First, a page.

How Not to Scare Off Uber and Taxify from Slovakia

life is sharing
cogdogblog || CC

Sharing economy platforms, like Uber and Taxify, present a new opportunity. The opportunity for people with cars who can make some extra money instead of watching their favorite reality show on TV. The opportunity for people who want a cheaper and more comfortable ride on Friday night. The opportunity for city parking policy, for public transport or for air quality.

However, these opportunities are endangered by the regulation of the past millennium. This regulation in Slovak Republic recognizes only two categories of passenger transport: buses and taxis. It did not expect anything like platforms of sharing economy to emerge. And here the problems arise. Drivers of platforms are not taxi nor bus drivers. They are ordinary people with free time and cars. They have no space, time or money to meet all the bureaucratic requirements and regulations associated with obtaining taxi licenses. They are not full-time drivers – half of them drives for less than 10 hours a week and more than two-thirds of the drivers end up driving only for about half a year. You can meet teachers, retirees, students, unemployed, or start-up entrepreneurs, who need to cover their living costs by the means of being a part of such platforms.

How can Slovakia match the technologies of the 21st century with regulation, so that the opportunities will be exploited? It’s simple. It is not rocket science or a super-secured secret. Just look at what has been done by more than half of the U.S. states. They created a special category – Transportation Network Company. These include platforms like Uber or Taxify. The conditions for obtaining a license of this kind are considerably easier than for taxi drivers and can also be met by free-time drivers on platforms. This regulation was first set up by politicians in California in 2013.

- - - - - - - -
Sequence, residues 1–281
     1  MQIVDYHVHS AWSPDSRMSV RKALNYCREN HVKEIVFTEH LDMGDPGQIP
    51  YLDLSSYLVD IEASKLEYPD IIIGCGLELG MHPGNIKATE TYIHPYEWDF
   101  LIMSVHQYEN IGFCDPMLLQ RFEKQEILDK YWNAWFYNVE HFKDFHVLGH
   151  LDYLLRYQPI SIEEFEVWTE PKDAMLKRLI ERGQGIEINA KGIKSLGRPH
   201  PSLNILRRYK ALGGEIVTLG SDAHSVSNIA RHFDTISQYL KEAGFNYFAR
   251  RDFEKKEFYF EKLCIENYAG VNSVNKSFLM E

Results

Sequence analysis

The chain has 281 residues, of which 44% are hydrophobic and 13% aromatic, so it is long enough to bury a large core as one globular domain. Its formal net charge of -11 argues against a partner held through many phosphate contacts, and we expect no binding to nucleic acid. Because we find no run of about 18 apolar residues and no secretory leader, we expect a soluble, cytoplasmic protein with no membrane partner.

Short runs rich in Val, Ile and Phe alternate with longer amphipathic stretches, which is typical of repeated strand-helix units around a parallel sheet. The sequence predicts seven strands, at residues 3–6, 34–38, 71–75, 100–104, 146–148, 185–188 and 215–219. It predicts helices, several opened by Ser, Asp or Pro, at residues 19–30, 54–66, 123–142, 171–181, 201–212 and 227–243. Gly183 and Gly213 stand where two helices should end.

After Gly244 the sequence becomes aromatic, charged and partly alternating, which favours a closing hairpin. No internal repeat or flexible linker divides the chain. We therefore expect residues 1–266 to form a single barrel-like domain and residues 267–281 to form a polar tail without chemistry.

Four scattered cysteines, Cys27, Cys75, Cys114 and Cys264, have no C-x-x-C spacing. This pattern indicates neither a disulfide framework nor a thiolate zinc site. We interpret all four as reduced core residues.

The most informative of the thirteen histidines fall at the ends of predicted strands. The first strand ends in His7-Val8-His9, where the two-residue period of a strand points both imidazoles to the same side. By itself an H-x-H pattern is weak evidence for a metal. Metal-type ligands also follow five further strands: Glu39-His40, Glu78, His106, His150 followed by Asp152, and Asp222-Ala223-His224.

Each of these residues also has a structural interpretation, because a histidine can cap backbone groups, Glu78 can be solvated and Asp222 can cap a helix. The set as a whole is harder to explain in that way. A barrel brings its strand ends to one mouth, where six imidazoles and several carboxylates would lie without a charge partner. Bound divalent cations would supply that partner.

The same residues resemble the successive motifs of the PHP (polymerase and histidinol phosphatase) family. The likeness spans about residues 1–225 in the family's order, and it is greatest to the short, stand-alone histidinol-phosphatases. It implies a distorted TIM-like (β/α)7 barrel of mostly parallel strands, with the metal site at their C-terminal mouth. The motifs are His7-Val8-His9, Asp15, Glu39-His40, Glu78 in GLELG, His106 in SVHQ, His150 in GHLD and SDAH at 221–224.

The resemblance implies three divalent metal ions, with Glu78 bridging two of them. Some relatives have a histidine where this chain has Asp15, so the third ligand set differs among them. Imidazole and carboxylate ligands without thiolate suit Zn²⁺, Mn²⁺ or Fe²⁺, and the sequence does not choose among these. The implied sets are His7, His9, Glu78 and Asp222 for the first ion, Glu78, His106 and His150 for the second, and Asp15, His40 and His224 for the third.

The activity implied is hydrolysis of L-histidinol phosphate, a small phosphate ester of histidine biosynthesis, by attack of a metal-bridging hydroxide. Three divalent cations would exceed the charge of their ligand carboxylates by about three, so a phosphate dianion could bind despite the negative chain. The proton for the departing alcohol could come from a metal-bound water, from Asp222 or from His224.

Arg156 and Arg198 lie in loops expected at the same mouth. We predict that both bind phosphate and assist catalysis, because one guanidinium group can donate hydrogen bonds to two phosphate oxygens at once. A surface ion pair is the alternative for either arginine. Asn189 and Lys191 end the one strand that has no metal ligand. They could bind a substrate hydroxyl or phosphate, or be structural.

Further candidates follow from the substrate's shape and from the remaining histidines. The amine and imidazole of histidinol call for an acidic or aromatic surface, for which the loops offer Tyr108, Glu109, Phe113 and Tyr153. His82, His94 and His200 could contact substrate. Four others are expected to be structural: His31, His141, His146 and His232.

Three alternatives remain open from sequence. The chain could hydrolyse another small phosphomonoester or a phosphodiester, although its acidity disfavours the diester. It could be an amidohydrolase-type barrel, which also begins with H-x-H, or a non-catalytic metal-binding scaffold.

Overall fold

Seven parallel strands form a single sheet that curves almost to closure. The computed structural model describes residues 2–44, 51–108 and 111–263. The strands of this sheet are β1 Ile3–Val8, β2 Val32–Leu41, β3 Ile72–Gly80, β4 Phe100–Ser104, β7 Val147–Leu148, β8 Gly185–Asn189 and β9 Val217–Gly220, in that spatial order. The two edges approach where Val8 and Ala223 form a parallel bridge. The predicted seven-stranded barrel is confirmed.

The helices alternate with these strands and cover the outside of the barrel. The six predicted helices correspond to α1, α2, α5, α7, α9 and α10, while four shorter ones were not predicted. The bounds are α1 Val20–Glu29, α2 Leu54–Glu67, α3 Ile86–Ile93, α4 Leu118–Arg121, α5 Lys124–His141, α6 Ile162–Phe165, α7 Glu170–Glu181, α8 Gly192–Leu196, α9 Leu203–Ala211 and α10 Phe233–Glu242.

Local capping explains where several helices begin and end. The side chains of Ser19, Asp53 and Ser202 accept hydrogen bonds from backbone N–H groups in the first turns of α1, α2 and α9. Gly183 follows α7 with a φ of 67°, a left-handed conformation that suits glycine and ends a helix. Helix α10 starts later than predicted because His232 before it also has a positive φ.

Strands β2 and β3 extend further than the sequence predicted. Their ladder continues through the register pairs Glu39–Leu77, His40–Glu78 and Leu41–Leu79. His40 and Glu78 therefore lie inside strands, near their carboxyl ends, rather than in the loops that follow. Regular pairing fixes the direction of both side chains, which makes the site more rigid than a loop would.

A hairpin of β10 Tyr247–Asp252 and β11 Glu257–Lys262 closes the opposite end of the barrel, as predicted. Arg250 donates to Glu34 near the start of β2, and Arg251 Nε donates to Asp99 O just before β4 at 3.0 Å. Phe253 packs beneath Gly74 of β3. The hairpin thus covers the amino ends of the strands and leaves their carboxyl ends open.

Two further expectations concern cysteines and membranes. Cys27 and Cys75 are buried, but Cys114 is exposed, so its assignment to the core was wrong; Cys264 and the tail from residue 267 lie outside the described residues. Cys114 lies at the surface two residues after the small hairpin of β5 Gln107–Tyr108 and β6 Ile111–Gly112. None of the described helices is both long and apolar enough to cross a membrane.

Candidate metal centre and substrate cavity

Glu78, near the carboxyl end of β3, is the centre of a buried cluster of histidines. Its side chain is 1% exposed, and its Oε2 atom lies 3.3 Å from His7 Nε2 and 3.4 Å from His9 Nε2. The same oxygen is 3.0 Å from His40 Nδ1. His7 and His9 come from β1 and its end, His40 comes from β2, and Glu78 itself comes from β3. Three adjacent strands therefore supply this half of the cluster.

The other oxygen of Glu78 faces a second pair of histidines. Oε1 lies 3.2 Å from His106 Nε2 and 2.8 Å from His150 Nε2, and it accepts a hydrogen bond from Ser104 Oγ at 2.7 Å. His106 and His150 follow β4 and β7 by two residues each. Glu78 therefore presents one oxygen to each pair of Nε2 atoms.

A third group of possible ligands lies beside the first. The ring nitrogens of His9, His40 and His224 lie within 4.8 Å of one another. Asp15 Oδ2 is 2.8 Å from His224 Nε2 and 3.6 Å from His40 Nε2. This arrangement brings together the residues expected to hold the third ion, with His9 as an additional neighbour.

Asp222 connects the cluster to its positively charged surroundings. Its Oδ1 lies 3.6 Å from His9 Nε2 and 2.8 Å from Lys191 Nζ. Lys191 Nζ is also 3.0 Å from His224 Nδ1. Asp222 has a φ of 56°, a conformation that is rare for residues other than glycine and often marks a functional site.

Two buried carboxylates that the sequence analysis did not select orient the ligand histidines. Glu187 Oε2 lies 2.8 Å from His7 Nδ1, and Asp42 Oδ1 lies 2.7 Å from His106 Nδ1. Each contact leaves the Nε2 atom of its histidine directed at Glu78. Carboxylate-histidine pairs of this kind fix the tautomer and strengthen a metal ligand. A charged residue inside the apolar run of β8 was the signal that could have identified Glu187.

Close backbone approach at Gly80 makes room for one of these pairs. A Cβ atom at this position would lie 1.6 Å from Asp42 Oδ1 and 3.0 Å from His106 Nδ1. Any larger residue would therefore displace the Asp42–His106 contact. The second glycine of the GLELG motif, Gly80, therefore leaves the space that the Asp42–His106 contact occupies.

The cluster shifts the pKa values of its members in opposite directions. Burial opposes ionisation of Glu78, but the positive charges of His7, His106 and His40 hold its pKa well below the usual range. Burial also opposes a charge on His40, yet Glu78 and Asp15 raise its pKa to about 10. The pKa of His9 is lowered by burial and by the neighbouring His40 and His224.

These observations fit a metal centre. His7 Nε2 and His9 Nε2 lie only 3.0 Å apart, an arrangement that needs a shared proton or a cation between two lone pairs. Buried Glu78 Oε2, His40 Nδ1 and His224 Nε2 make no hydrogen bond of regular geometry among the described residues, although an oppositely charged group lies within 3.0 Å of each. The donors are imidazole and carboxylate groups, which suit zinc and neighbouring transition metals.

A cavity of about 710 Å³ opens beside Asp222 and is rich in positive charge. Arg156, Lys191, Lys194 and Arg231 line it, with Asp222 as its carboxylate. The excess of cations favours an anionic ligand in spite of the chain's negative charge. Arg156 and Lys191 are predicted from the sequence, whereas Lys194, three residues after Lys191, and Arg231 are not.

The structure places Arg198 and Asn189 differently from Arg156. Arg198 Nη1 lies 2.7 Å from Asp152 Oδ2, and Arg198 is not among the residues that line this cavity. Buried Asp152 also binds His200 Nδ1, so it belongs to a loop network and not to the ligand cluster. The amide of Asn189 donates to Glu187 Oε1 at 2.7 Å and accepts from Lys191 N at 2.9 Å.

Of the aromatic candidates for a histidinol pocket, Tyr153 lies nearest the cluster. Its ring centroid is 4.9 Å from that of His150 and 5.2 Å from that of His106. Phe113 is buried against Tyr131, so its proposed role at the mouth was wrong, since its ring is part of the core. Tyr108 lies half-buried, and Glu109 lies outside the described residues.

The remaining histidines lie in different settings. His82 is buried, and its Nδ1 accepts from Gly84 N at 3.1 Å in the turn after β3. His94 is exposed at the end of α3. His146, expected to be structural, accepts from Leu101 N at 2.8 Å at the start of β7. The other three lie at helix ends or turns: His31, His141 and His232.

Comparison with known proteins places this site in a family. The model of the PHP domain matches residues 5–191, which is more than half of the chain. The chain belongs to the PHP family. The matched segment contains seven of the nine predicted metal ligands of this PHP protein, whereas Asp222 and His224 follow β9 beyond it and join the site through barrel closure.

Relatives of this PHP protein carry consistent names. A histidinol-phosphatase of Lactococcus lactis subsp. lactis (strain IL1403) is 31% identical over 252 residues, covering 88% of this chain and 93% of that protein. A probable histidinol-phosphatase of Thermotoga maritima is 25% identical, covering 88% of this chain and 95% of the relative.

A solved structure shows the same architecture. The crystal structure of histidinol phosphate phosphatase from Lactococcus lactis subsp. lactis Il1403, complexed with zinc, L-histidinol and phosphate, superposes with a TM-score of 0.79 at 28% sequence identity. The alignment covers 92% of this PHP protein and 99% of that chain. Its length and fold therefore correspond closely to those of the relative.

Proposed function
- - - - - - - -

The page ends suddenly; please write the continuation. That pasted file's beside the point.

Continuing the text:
Other states have used their already existing category of so called For-Hire Vehicles. This category has always had a lower level of regulation and more open entry into the market. Examples of such attitudes are New York City or the Czech Republic, where Uber drivers are classified under this category.

In Slovakia, there are currently no such options and thus the platforms operate in the vacuum. But that’s not their fault, it’s not even the fault of their passengers, or taxi drivers. It is the fault of the regulator who rests on laurels. Uber has been operating for nearly three years in Slovak Republic. This is may be not that long in the world of politicians and ministries. However, in the internet and mobile apps world, it is eternity, during which a number of launches have begun and disappeared, and existing apps have been updated 150 times, or even more.

Let’s urge politicians to wake up and make a simple decision that will help a lot of people not only in Bratislava. At the same time, we will outpace countries fighting against technological progress. Slovakia can thus make the lives of drivers and passengers easier while building a reputation as a country that is open to innovations. I should commend the Ministry of Transport, which at least started to work on a new legislation to simplify the business of passenger transport. But there is also a second player, the Ministry of the Interior, which to some extent regulates taxi drivers and as such it has to accommodate its regulations to the 21st century as well.

Robert Chovanculiak
INESS